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Publication numberUS7710957 B2
Publication typeGrant
Application numberUS 10/858,088
Publication dateMay 4, 2010
Filing dateJun 1, 2004
Priority dateMay 19, 2004
Fee statusPaid
Also published asCA2566954A1, CA2566954C, CN101789907A, CN101789907B, EP1757038A1, US20050259649, WO2005117369A1
Publication number10858088, 858088, US 7710957 B2, US 7710957B2, US-B2-7710957, US7710957 B2, US7710957B2
InventorsMichael R. Smith
Original AssigneeCisco Technology, Inc.
Export CitationBiBTeX, EndNote, RefMan
External Links: USPTO, USPTO Assignment, Espacenet
System and method for implementing multiple spanning trees per network
US 7710957 B2
Abstract
Several different spanning trees are calculated for a network. The network has several different ingress points via which packets can enter the network. Each of the spanning trees is associated with (at least) one of the ingress points, such that different spanning trees are associated with different ingress points. Packets that enter the network via a particular ingress point are forwarded through the network according to the spanning tree associated with that particular ingress point.
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Claims(45)
1. A method comprising:
accessing information appended to a packet, wherein the information identifies the first network device;
sending the packet through the network,
wherein the sending is consistent with a first spanning tree if the packet was received into the network by the first network device is a first ingress point of the network,
wherein the sending is consistent with a second spanning tree if the packet was received into the network by the first network device is a second ingress point of the network,
wherein the sending comprises accessing an egress filter comprising a first setting based on the first spanning tree and a second setting based on the second spanning tree, and
wherein the sending is performed by a second network device coupled to the first network device by at least one link.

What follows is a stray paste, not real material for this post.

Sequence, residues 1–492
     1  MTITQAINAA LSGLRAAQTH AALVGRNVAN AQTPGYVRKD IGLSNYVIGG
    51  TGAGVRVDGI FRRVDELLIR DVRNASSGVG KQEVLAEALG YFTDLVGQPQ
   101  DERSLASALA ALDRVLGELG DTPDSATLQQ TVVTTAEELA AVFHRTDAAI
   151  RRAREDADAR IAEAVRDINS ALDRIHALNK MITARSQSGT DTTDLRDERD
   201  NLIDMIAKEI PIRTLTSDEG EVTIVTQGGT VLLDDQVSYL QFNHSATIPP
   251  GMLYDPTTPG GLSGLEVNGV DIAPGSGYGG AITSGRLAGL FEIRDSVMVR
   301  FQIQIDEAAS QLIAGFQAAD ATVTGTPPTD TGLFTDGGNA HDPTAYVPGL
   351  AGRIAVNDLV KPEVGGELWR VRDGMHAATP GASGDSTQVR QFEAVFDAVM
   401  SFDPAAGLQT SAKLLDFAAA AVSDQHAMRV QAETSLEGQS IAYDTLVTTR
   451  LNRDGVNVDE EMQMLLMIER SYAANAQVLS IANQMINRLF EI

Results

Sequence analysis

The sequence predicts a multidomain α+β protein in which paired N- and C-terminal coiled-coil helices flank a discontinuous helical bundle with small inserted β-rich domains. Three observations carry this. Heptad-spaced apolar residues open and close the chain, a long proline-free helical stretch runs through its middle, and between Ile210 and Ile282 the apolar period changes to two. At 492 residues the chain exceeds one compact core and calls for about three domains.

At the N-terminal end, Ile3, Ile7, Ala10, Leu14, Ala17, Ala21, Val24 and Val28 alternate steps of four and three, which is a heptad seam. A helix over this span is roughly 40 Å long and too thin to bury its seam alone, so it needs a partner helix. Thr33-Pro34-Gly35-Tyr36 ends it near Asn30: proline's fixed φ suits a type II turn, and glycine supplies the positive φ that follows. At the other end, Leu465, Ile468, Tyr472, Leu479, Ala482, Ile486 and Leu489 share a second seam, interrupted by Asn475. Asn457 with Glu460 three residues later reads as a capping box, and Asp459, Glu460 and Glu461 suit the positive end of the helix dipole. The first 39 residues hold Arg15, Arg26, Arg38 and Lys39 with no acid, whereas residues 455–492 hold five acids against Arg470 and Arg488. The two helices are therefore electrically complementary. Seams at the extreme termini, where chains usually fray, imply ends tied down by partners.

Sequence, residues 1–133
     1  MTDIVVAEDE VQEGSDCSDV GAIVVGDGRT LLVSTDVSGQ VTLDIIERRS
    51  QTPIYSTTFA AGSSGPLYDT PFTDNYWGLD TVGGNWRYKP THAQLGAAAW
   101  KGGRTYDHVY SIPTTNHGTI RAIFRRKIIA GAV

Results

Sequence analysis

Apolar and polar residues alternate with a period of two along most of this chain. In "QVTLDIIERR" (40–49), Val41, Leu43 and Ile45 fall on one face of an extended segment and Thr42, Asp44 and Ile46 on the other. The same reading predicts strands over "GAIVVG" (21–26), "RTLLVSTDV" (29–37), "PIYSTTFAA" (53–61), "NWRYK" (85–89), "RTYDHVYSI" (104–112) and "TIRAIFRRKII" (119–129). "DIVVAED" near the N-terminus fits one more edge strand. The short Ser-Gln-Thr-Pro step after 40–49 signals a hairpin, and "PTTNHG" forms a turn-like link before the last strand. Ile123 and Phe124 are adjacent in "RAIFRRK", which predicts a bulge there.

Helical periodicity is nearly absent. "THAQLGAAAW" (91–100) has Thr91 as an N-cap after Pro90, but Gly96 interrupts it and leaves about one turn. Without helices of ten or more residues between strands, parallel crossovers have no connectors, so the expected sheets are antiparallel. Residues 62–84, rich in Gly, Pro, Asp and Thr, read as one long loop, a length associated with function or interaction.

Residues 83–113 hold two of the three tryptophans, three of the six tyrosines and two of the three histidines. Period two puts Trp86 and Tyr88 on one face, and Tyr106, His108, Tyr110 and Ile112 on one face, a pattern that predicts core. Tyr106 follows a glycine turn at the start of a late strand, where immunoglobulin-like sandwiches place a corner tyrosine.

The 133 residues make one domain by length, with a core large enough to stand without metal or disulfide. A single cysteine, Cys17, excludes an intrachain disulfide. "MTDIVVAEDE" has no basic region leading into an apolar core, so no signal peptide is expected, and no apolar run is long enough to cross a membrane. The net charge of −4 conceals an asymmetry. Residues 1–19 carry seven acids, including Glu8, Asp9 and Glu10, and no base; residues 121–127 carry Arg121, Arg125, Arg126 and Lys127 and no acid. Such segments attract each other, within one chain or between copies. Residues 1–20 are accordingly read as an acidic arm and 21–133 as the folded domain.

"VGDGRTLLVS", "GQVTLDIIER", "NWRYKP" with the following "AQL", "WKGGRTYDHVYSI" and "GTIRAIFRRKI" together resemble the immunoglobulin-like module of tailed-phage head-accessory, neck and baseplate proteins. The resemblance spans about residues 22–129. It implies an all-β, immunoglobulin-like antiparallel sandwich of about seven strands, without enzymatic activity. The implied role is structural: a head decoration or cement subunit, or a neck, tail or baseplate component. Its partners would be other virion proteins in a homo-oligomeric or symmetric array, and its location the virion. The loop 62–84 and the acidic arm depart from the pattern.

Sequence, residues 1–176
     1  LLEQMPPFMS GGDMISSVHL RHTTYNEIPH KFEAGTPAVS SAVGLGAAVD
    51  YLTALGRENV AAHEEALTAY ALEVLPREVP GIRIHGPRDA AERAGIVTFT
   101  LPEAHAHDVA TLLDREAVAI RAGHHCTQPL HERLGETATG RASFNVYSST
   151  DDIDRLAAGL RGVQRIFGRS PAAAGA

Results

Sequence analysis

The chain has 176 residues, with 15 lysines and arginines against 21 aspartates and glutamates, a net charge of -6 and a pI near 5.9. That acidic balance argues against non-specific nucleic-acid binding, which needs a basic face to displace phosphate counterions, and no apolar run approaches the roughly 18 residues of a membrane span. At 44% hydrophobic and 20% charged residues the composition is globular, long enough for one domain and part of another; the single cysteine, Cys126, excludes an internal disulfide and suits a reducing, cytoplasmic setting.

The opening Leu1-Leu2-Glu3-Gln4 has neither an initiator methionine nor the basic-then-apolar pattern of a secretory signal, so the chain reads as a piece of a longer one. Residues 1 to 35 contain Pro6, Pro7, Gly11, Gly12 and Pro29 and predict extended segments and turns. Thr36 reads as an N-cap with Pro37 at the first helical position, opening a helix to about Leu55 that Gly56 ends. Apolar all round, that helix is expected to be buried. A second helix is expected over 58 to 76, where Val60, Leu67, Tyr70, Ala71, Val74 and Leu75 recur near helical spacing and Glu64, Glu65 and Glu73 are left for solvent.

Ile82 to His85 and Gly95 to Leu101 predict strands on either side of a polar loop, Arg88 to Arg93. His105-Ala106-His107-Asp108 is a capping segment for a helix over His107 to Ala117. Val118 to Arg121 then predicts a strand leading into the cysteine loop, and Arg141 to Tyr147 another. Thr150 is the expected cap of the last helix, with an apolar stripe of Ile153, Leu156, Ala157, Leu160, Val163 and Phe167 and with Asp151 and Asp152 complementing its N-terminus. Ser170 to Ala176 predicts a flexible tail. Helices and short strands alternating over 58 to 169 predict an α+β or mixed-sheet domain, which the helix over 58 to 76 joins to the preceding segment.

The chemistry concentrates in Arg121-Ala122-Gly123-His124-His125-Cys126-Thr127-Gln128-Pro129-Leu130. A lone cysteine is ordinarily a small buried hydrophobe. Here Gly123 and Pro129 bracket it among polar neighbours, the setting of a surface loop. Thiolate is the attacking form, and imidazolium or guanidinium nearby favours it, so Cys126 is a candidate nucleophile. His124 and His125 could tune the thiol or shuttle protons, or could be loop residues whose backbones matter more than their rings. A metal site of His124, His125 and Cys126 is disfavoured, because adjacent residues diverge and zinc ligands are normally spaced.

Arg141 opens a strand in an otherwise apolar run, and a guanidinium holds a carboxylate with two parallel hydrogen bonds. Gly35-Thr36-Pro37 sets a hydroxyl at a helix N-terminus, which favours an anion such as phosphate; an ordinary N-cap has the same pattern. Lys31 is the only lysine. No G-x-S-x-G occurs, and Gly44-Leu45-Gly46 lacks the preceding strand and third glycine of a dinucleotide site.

2. The method of claim 1, wherein each of a plurality of spanning trees is associated with a respective one of a plurality of ingress points, and wherein packets received via different ones of the ingress points are sent through the network according to different ones of the spanning trees.
3. The method of claim 2, wherein each of the ingress points is a virtual network device sub-unit, and wherein the network is a virtual network device cluster.
4. The method of claim 2, further comprising: calculating the plurality of spanning trees.
5. The method of claim 4, wherein each of the ingress points calculates a respective one of the spanning trees.
6. The method of claim 4, wherein the calculating is performed by a primary network device.
7. The method of claim 6, further comprising: maintaining information identifying the topology of the network, wherein the calculating the plurality of spanning trees comprises accessing the information identifying the topology of the network.
8. The method of claim 6, further comprising: providing information that is consistent with the plurality of spanning trees to a plurality of secondary network devices.
9. The method of claim 8, wherein the information comprises an egress filter setting for each interface of each of the secondary network devices.
10. The method of claim 2, further comprising: associating the packet with the information.
11. The method of claim 10, further comprising: sending the packet and the identifier from the second network device to a third network device, wherein the network comprises the second network device and the third network device.
12. The method of claim 10, wherein the associating the packet with the identifier comprises: including the identifier in a header appended to the packet.
13. The method of claim 10, further comprising: associating a source address of the packet with the ingress point identified by the identifier.
14. A method comprising: